In pre-Hispanic times, the celebration of death was one of the most important elements of Mexican culture. In fact, relatives of the deceased organized a party in order to guide the soul on their journey to Mictlán.
Día de Muertos celebrates the transitory return of the souls of the deceased to their homes, to the world of the living, to spend time with their relatives and to nourish themselves with the food that is offered to them at the altars placed in their honor.
In this celebration, death symbolizes life, which materializes in the altar offered by the relatives of the deceased. Día de Muertos is a celebration that has a great importance to Mexican people because it has different meanings, from philosophical to material.
The celebration of Día de Muertos takes place on November 1st and 2nd since it is divided into categories: according to the Catholic calendar, November 1st corresponds to Día de Todos los Santos (All Saints Day), a day dedicated to the deceased children, and on November 2nd to Día de los Muertos (Faithful Departed Day), dedicated to deceased adults.
But the traditions of Día de Muertos last more than just two days. We are more than pleased to explain the celebration day by day!
- October 27th: This is the day that pets return from the world of the dead.
- October 28th: The first candle is turned on and a white flower is placed to receive all the souls that died tragically.
- October 29th: A glass of water is added to the altar for all the people who drowned or died of thirst.
- October 30th: People add a white bread to the altar for the deceased who left without eating or those who suffered an accident.
- October 31st: Now, fruits are placed for the unborn, the unbaptized people and all the ancestors.
- November 1st: Día de Todos los Santos. Sweet food and marigold flowers are placed for those who died as children and those who had a great meaningful life.
- November 2nd: Día de Muertos. All the food and drinks that the deceased liked when they were alive are placed at the altar. These include tequila, copal, incense, sugar skulls, confetti…
- November 3rd: The last white candle is lit, copal incense is burned, people say goodbye to their dead loved ones and ask them to return next year.
The Meaning of each Element of the Día de Muertos Altar
As you can see, the offering of Día de Muertos must have several essential elements. If one of them is missing, the spiritual charm that surrounds this religious heritage is weakened. Each of the following elements contains its own history, tradition, poetry and, more than anything, mysticism!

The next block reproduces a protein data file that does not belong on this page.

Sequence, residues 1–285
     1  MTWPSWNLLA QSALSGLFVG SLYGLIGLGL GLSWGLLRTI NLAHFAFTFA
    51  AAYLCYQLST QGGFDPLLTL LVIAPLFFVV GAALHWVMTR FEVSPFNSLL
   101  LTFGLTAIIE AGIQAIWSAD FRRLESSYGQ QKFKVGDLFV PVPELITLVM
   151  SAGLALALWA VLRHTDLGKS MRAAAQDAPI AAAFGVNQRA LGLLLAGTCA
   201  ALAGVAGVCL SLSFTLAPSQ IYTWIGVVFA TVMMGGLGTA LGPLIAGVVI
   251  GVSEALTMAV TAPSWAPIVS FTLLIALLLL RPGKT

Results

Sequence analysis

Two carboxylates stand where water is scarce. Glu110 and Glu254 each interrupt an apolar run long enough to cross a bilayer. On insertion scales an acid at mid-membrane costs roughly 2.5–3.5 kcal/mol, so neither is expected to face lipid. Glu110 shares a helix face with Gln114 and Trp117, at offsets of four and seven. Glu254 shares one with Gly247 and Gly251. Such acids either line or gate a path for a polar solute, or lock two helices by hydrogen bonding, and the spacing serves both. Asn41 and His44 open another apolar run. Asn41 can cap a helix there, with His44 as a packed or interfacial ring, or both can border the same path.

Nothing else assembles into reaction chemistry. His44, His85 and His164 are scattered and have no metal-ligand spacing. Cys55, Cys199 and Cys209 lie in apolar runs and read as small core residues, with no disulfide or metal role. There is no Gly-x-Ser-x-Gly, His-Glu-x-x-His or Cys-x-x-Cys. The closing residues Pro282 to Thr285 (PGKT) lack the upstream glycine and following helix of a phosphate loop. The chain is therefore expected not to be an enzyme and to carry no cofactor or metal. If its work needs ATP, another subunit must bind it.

Glass of Water: The source of life, it can’t be absent. It’s offered to quench the visitor’s thirst after their long journey to what was their home on Earth.
Marigold or Cempasúchil Flower: On Día de Muertos, this flower is used as decoration and ritual offering. It’s common to use its petals to mark on the ground the path that souls must follow to the altars made in their honor. The petals are also used to create necklaces as a symbol of bliss.
Make these magical and fun sweet potato chips inspired by the marigold petals of a Día de Muertos altar!
Pan de Muerto: Pan de Muerto, which is made only at this time of the year, has several meanings. The crossed strips on top of the bread represent the cross of Christ. Each of the strips on the bark represents the bones of the deceased. The sesame seeds represent the tears of the souls that didn’t find rest.
Bake a traditional Pan de Muerto and fill your home with the enticing aroma of freshly baked spiced bread on Dia de Muertos.
Candles: The candles make the fire present on the altar, and this is offered as a guide to the souls to light the way back to their homes. The tradition is to put four candles in the shape of a cross and the cardinal points. In some places, each candle represents a deceased relative that the family is expecting.
Salt: Within an offering of the dead you cannot forget about salt, since it’s considered an element of purification. With this element, the soul of the deceased is not corrupted during its journey.
Sugar Skulls: In addition to being colorfully adorned, many of them bear the name of the deceased. Sugar skulls are thought to be the favorite food of the spirits, and represent a present that symbolizes life after death.
Incense and Copal: Cleans and purifies the environment from the spirits that may want to do harm.
Deceased Portrait: Sometimes, the photo is placed hidden so that it can only be seen with a mirror. This implies that the deceased is seen but no longer exists in the world of the living.
Food and Liquor: The food is served to delight the deceased with their favorite dishes, and the liquor is for them to remember the good times they had during their lives.
In 2008, the United Nations Educational, Scientific and Cultural Organization (UNESCO) declared this festivity as Intangible Cultural Heritage of Humanity, due to its importance and meaning since it is a traditional, integrating and a representative expression of Mexican culture.
Día de Muertos is celebrated throughout Mexico, with some variations depending on the region or state. Here are the 10 best places to celebrate Día de los Muertos!